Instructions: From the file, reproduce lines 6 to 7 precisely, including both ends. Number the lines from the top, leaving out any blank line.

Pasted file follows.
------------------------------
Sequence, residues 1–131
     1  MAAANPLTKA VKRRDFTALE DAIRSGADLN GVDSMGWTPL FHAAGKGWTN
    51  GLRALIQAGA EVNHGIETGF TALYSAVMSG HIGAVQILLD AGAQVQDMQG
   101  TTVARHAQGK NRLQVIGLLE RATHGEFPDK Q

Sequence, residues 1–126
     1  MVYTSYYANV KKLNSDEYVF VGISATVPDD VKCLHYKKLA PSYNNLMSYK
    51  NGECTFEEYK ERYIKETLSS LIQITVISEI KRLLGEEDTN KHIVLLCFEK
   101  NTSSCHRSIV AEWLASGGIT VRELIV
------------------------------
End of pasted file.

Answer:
     1  MVYTSYYANV KKLNSDEYVF VGISATVPDD VKCLHYKKLA PSYNNLMSYK
    51  NGECTFEEYK ERYIKETLSS LIQITVISEI KRLLGEEDTN KHIVLLCFEK